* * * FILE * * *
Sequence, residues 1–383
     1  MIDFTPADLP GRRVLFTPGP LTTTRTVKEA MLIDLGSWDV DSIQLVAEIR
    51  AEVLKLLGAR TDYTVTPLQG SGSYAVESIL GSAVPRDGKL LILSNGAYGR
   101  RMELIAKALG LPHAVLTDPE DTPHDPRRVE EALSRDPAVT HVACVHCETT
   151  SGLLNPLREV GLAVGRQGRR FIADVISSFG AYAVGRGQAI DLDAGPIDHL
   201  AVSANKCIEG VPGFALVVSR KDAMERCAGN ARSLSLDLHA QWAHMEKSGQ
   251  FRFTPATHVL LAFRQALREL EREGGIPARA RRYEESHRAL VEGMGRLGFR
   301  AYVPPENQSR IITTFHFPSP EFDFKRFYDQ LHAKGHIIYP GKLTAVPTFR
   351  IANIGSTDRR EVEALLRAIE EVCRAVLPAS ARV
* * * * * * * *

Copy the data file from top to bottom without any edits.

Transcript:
Sequence, residues 1–383
     1  MIDFTPADLP GRRVLFTPGP LTTTRTVKEA MLIDLGSWDV DSIQLVAEIR
    51  AEVLKLLGAR TDYTVTPLQG SGSYAVESIL GSAVPRDGKL LILSNGAYGR
   101  RMELIAKALG LPHAVLTDPE DTPHDPRRVE EALSRDPAVT HVACVHCETT
   151  SGLLNPLREV GLAVGRQGRR FIADVISSFG AYAVGRGQAI DLDAGPIDHL
   201  AVSANKCIEG VPGFALVVSR KDAMERCAGN ARSLSLDLHA QWAHMEKSGQ
   251  FRFTPATHVL LAFRQALREL EREGGIPARA RRYEESHRAL VEGMGRLGFR
   301  AYVPPENQSR IITTFHFPSP EFDFKRFYDQ LHAKGHIIYP GKLTAVPTFR
   351  IANIGSTDRR EVEALLRAIE EVCRAVLPAS ARV